"When it comes to rice buyers, there's a zero tolerance when it comes to genetically modified rice," he said. "We can't afford to take another hit to our markets."

6. Opposition KOs planned plot at Chaffee: Area farmers rally to protest genetic rice

by David Silverberg, Daily American Republic, 22 April 2005

Opposition to the proposed production of genetically modified rice near Chaffee was expressed by Southeast Missouri rice farmers to state legislators during a Saturday morning rally at Curtis Worley's farm southeast of Poplar Bluff.

"We want to stop it for fear of contamination to our rice," said Worley, who also is concerned about potential economic losses because of concerns expressed by two large purchasers of Southeast Missouri rice.

State Sen. Rob Mayer, Speaker of the House Rod Jetton and Reps. Gayle Kingery and Mike Dethrow were among legislators who participated in the rally at Worley's farm. Mayer informed the farmers that Ventria Bioscience, which is moving from California to Missouri, has agreed to not grow genetically modified rice in Southeast Missouri.

"I am pleased the project is not going forward in Southeast Missouri because of the risk of losing our markets," Mayer said. But he added that "genetically modified seeds hold promise for mankind and increased income for farmers. We need to continue to explore genetically modified seeds."

Riceland Vice President Bill Reed also spoke at Worley's farm and said he was glad the project is not going forward in Southeast Missouri.

"We are trying to get legislation together to keep genetically modified rice out of Missouri," Worley said. "We had a good turnout and it was a good meeting."

Anheuser-Busch Co. of St. Louis and Riceland Foods of Stuttgart, Ark., had urged federal regulators to deny a permit requested by Ventria to grow 150 acres of genetically modified rice on David Herbst's farm in order to produce human proteins used in drugs.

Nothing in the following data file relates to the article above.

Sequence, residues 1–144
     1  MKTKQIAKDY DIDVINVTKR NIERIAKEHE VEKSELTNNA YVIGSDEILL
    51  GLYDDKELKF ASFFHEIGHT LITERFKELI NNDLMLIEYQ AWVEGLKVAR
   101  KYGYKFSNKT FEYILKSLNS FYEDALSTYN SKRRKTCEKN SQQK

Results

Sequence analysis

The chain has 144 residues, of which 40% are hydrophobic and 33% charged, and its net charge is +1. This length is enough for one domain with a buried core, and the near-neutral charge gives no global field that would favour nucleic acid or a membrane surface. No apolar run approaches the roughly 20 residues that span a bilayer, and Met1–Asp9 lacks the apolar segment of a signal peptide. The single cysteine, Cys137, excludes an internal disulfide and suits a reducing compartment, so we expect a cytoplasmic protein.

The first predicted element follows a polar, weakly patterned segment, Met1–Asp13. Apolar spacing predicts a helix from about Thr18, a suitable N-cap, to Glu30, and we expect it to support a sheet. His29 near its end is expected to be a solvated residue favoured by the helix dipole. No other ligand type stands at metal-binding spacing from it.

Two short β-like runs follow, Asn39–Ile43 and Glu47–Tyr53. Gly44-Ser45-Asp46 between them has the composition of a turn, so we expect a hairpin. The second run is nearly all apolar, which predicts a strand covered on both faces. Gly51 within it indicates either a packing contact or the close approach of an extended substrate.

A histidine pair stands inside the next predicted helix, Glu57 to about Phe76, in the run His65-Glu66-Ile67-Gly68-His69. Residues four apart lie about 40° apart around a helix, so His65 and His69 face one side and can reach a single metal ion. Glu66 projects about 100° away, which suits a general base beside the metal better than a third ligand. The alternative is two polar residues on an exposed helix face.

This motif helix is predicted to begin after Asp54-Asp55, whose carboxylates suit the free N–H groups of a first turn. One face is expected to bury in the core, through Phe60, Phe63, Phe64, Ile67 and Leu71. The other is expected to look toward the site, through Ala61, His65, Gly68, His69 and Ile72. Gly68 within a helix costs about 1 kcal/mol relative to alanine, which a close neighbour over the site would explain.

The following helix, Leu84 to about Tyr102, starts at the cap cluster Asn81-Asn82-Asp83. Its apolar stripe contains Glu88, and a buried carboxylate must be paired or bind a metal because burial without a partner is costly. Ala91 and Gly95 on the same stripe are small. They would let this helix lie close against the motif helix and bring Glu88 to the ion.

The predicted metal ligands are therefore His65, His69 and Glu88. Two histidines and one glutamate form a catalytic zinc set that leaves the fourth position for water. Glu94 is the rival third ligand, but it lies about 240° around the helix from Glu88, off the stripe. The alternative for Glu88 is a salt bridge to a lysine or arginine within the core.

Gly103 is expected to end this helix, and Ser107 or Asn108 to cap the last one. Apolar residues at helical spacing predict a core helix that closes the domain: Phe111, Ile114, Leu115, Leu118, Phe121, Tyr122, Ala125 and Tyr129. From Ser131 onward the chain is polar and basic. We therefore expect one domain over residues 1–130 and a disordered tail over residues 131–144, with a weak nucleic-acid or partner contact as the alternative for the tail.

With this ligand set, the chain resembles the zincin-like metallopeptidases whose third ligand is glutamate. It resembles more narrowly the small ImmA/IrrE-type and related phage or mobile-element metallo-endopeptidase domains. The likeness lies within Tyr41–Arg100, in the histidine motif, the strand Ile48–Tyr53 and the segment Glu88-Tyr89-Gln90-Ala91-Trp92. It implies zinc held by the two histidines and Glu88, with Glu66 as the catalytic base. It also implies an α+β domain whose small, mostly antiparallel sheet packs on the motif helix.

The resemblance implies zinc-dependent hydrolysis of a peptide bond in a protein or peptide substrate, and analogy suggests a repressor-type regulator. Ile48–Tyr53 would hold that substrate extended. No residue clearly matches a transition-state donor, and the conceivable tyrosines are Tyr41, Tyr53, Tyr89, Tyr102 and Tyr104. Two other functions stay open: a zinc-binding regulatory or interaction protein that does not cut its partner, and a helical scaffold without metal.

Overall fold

Herbst maintained the project was worthwhile and that contamination could be controlled. He said biopharming could have opened up new markets for rice.

Riceland Foods, the world's largest rice miller and marketer, is concerned its customers don't want to risk buying genetically modified rice. Anheuser-Busch, the nation's No. 1 buyer of rice and the largest brewer, said it would not buy Missouri rice if genetically modified, drug-making crops are allowed to be grown in the state.

According to the Associated Press, Anheuser-Busch dropped its threat to boycott Missouri's rice crop after Ventria agreed Friday to grow its genetically engineered rice at least 120 miles away from commercial rice farms in Southeast Missouri.

"I am pleased that Anheuser Busch and Ventria have reached a fair compromise that furthers cutting-edge life-sciences technology while protecting current markets for Missouri rice farmers," Gov. Matt Blunt said in a press release Friday.

The agreement was brokered by Blunt and U.S. Sen. Kit Bond, R-Mo.

"I am very proud that friends have come together in good faith and reached an agreement that addresses all concerns while permitting this critical technology to find a welcome home here in Missouri," Bond said in a press release Friday.